How is our ruling class so seemingly oblivious to the danger here, or so nonchalant about the risk posed by escalation with China? In the middle of a pandemic, protests and recession, how is movement toward great-power conflict not met with howls of dissent?
Instead of argument, we find President Donald Trump and the presumptive Democratic nominee Joe Biden and their respective parties glibly competing for the title of “biggest China hawk.” U.S.-Chinese relations are already bristling with a trade war, sanctions and mutual accusations of cyberwarfare, yet both sides eagerly endorse planned new sanctions and accuse each other of aggression. Senators from New York Democrat Chuck Schumer to Arkansas Republican Tom Cotton salivate over harsher rhetoric and policies toward Beijing.
This is an alarming and precarious unity, and it will not serve anyone well. A more prudent approach is possible and strongly preferrable. Instead of cutting off points of diplomatic contact or building up the U.S. military presence at China’s doorstep, Washington needs to make a realistic assessment of the nature of the Chinese regime, the capabilities of American power and the incredible risk of further escalation.
That means focusing on diplomacy and self-defense: Keep diplomatic channels active and aims achievable. End the trade war, which hurts ordinary people in both countries. Build up defenses against cyberattacks, while remembering that U.S. conventional and nuclear power already provide a reliable deterrence against a Chinese attack on the United States.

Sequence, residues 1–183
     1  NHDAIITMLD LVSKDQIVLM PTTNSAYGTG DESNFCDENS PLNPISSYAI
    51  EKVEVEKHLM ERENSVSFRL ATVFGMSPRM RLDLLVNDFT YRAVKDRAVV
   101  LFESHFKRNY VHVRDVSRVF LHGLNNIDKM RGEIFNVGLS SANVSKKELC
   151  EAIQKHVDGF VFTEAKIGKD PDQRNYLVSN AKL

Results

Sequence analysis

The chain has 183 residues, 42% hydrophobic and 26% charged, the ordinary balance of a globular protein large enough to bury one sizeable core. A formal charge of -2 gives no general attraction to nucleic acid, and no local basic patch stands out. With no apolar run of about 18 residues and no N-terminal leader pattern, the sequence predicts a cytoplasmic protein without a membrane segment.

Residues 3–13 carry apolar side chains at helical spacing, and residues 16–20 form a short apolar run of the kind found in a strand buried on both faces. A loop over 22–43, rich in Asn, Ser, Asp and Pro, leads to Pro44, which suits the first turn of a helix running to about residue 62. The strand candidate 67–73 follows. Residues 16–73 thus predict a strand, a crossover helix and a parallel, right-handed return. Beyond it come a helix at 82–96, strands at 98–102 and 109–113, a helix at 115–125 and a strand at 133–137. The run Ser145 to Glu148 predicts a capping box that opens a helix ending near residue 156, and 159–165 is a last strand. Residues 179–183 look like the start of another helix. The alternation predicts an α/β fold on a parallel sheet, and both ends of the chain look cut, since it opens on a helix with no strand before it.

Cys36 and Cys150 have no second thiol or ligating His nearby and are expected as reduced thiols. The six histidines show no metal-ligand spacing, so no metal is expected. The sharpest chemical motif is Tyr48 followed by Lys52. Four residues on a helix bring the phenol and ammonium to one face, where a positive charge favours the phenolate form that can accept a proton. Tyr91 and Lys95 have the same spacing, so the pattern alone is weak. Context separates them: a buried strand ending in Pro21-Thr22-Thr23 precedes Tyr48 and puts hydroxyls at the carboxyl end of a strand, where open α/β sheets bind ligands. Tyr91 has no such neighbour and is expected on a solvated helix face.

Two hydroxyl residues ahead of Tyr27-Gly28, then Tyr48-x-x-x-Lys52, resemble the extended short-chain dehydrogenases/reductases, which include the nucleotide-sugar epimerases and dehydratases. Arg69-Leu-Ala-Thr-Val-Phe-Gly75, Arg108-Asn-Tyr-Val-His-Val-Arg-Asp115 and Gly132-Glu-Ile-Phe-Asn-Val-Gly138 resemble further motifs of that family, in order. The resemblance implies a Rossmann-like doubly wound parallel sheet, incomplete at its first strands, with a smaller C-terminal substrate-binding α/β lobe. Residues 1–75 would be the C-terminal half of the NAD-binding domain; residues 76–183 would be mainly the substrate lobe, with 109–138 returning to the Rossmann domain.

Indeed, U.S. policymakers must finally concede that they cannot remake the world with American military might. Our military is amply equipped to perform its constitutional purpose of defense of the United States. It is not well-suited to regime change and other interventions in the internal affairs of foreign nations.
Two decades of war against troubled states and terrorist groups in the Middle East and North Africa have exacted an enormous cost of lives, dollars and civil liberties, with precious little to show for it. It is madness to pivot from that disastrous record to courting conflict with China with moves against productive diplomacy like these consulate closures.